Operating system

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An operating system is a set of software that allows computers to perform basic tasks for people. The most common operating systems today are Microsoft Windows, Google's Android (a Linux variant), Apple's Mac OS, and Linux / Unix / BSD


An operating system is defined into a few basic parts:

  • The BIOS, which handles all hardware related things. Often a computer has a BIOS integrated within its hardware, though some operating systems such as Linux are independent of this BIOS.[1]
  • The Kernel, which handles all software related operations and acts as an interpreter between applications and the hardware.
  • The shell or User Interface - Software that draws forms, toolbars, menus, main task bar, typing commands for the computer to execute, etc. Shells typically provide a primitive programming capability, called scripting, such as DOS command scripts, JCL, DCL, and Windows script.
  • System programs that come packaged with the operating system, such as browsers, file backup/restore, sorting utilities, login/logout programs, etc.



General-purpose operating systems are designed to be flexible in what applications they can run, provide an interface, support multitasking, offer feature-laden file systems, and most of them support multiple users. These are the operating systems with which most people are familiar.


Real-Time operating systems (RTOS) are designed to have minimal overhead so that they can respond immediately to events.[2] As such, they tend to have no file system, or a simple file system optimized for speed. Real-time operating systems are used by embedded controllers in many devices, including industrial equipment, kitchen appliances, and automobiles. These controllers need to recognize task priority, and perform their primary function without delay when called upon. For example, the airbags in cars are controlled by an RTOS; every millisecond is critical in the processing speed for safety devices such as these.[3]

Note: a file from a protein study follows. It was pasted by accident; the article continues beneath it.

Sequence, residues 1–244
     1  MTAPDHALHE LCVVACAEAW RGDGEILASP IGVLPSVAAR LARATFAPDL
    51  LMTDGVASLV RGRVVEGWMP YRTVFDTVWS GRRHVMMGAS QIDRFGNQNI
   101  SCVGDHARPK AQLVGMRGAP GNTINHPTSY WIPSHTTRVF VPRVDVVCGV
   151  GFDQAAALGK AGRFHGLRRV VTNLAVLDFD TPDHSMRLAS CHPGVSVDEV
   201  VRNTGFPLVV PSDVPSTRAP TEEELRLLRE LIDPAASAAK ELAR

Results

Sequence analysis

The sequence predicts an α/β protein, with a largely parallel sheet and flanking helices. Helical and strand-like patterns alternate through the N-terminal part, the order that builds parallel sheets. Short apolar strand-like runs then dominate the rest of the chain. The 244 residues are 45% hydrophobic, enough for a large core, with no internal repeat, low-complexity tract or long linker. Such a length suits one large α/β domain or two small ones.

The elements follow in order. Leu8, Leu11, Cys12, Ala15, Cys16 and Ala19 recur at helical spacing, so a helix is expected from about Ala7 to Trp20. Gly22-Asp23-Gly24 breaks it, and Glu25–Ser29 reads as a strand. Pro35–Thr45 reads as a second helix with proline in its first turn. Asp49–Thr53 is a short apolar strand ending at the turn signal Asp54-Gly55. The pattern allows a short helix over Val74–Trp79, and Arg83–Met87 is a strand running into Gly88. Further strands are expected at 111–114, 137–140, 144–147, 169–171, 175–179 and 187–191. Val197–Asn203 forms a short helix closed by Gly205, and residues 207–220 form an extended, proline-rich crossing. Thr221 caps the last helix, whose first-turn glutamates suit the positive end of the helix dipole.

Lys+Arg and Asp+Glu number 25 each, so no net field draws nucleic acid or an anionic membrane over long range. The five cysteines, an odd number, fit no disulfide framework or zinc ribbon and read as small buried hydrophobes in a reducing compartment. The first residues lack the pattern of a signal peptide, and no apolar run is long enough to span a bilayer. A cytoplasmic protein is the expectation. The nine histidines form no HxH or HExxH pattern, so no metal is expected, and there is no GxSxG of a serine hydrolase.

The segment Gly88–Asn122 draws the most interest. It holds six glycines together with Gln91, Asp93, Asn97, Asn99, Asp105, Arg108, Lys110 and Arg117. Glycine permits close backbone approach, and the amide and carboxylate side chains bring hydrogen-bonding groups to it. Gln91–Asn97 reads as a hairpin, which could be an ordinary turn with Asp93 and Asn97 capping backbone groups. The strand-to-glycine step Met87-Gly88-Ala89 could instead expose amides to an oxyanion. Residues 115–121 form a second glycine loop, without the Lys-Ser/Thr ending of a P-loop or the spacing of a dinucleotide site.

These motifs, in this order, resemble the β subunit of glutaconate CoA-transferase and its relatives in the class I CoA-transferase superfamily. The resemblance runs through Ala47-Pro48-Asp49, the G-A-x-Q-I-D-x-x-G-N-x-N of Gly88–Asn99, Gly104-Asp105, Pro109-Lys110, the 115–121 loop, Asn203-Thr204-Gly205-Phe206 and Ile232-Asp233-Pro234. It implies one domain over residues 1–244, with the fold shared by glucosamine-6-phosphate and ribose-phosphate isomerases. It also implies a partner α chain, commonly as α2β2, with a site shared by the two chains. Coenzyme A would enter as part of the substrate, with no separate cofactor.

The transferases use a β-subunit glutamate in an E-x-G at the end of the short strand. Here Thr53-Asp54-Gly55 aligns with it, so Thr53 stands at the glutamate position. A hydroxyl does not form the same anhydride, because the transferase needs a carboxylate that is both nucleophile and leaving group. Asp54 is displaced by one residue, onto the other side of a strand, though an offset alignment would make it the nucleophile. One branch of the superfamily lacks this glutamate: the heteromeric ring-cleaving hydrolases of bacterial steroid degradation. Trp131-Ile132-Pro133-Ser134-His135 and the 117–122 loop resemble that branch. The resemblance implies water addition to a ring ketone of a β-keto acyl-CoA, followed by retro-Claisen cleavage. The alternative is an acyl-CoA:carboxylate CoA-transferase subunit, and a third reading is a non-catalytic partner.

An RTOS that ran on the popular PDP-11 minicomputers was RT-11. Today, VxWorks is the most popular RTOS.


General-purpose operating systems typically offer the following features:

  • Hardware Abstraction, which allows programs to make use of hardware without having to know about the specifics of any given hardware device. It is responsible for displaying the graphics on screen and outputting sound to the speakers, controlling input from the mouse and keyboard, and allowing hardware to work properly. Usually this is implemented in the BIOS or a separate HAL (Hardware Abstraction Layer).
  • Load programs from secondary stores into memory and execute them.
  • File Systems, which handle storing and retrieving files stored on hard disks, USB drives, magnetic tapes, and CDROM/DVDROMs.
  • Security. Prevent unauthorized access to system resources.
  • Multiprocessing. Allow multiple programs to run simultaneously and share system resources.
  • Networking. Allows interfacing with other computers on a network.
  • User interfaces, such as a Graphical User Interface (GUI), and system programs that provide users way of accessing hardware, files, programs, processes, and networks.

Popular or Historic Operating Systems

See also


External links